Abbotsford's Punjabi Conference A Great Success
Surrey, Vancouver, May 27, 2011
The Centre for Indo-Canadian Studies (CICS) of the University of the Fraser Valley has been doing a commendable job in promoting Indo-Canadian cuture, heritage and language. In this regard, CICS organized an excellent conference from May 5 to 7 in Abbotsford. Appropriately named Transnational Punjabis in the 21st Century, the conference attracted very high profile resource people from around the globe.
Amongst other things, this conference was designed to honor the 100th anniversary of the historic Sikh Temple in this community. This gurdwara was built in 1911 by the Sikh pioneers who hauled the lumber from a sawmill on their shoulders. This historically significant place of worship was designated as a National Historic Site by the Canadian government in 2002. This is the only gurdwara in North America to be recognized as such.
The entire conference was packed with very interesting and stimulating presentations by renowned speakers. Another noticeable feature that stood out was the active participation by young people both as helpers and presenters .For this, the organizers, especially Satwinder Bains and her team, deserve congratulations. A number of young people –current and former students of the UFV-read excellent papers and shared their views with the audience. Their topics ranged from bullying, inter generational issues, family conflict, identity problems, and pride in ones heritage to role of the gurdwaras in modern society.
It was an extremely enjoyable and educational experience for this writer to listen to these passionate future leaders of the community. They articulated their views on topics of their choice in a very impressive manner. There were some common themes running through their presentations. Most of them expressed their frustrations by not being listened to by the older generations. Their underlying message seemed to be the need for mutual understanding, empowerment and respect.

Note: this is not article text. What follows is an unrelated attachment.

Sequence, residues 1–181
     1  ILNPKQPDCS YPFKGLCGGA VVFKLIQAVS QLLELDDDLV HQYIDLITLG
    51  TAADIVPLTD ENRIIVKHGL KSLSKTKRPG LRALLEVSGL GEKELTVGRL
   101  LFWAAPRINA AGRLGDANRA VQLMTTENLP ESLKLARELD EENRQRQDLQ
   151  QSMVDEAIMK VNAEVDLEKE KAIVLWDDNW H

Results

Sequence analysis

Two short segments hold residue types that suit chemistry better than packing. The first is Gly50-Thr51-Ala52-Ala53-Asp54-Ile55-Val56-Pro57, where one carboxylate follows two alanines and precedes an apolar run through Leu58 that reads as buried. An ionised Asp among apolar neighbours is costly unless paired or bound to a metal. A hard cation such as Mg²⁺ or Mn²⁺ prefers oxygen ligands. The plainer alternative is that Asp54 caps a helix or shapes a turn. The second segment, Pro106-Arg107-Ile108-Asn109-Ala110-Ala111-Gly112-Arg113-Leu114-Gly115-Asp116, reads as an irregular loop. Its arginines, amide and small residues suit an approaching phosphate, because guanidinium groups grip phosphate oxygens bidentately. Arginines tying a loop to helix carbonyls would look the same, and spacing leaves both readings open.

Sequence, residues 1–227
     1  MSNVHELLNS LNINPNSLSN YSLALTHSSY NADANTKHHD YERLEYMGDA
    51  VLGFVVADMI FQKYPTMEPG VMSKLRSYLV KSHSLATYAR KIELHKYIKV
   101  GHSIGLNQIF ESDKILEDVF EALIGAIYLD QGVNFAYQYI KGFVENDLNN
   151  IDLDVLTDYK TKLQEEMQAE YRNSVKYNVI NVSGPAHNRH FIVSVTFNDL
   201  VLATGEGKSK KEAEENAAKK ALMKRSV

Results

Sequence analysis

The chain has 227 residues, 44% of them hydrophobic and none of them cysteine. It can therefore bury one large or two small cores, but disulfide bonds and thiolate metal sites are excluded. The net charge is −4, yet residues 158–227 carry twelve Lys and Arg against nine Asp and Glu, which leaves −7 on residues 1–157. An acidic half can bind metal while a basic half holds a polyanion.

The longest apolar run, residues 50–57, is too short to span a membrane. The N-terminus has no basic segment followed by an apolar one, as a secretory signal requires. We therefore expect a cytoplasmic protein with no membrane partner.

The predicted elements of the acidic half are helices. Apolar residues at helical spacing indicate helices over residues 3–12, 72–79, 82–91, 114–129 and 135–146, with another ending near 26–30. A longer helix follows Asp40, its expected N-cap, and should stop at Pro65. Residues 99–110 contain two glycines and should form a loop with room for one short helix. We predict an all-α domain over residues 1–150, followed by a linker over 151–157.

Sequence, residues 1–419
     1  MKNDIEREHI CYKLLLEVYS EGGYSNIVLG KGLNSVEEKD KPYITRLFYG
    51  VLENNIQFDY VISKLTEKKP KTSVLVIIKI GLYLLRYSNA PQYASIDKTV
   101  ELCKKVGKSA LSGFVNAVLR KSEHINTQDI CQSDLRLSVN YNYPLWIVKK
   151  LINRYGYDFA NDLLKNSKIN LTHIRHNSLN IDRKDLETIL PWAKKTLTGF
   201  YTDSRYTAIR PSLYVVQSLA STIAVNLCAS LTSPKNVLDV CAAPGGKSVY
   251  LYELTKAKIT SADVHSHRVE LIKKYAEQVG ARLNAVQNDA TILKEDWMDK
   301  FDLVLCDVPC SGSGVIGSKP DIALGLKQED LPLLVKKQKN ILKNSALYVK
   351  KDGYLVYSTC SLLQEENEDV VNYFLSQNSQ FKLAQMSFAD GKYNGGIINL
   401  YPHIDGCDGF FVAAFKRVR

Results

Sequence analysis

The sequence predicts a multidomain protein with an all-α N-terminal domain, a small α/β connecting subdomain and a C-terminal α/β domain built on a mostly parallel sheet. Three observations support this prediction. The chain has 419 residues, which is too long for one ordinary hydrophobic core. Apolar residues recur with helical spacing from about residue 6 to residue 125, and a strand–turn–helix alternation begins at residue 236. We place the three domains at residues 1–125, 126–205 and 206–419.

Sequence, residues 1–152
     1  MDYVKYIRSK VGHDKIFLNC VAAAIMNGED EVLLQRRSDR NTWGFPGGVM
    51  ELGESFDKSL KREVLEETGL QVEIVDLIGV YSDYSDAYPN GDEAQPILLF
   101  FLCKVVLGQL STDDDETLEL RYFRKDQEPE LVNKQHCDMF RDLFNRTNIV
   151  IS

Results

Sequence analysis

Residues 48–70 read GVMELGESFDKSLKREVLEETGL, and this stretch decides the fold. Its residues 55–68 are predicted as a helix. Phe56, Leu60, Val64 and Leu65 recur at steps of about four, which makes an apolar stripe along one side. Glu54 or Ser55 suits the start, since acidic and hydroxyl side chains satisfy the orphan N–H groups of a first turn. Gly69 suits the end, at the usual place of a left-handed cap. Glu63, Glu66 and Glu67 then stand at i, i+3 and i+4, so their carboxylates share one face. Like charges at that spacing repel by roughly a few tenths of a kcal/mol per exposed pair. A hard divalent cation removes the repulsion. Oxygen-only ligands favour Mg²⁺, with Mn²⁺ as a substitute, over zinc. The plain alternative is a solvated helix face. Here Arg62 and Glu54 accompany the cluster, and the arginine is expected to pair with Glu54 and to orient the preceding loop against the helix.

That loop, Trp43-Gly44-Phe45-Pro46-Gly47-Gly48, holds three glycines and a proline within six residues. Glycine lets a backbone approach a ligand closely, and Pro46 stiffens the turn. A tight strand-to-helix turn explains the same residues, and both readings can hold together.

One of the young speakers fondly recalled her recent visit to her parents’ ancestral village in the Punjab. She stated that this visit gave her a completely new awareness and pride in her identity and heritage. The village experience gave her self-esteem and identity a tremendous boost. She went on to state that the visit to her parents/grandparents place of birth gave her a unique sense of belonging and a remarkable connection to her roots.
Another youth touched upon the role of the gurdwaras in modern society. She recognized the unique contribution of our places of worship to the community and suggested that the gurdwaras also need to change with the times. Getting more youth involved in gurdwaras and offering programs and services to meet their needs should go a long way in this regard. All in all, the youth involved in this process came across as very sincere in their submissions. Not only that, they presented some very viable suggestions to address their concerns.
On the whole, the conference presented a very diverse program ranging from international scholars to local youth concerns. It was a very well organized and planned conference. Hopefully, CICS and UFV will make it an annual event.
Balwant Sanghera (Balwant Sanghera is a retired School Psychologist and Community Activist)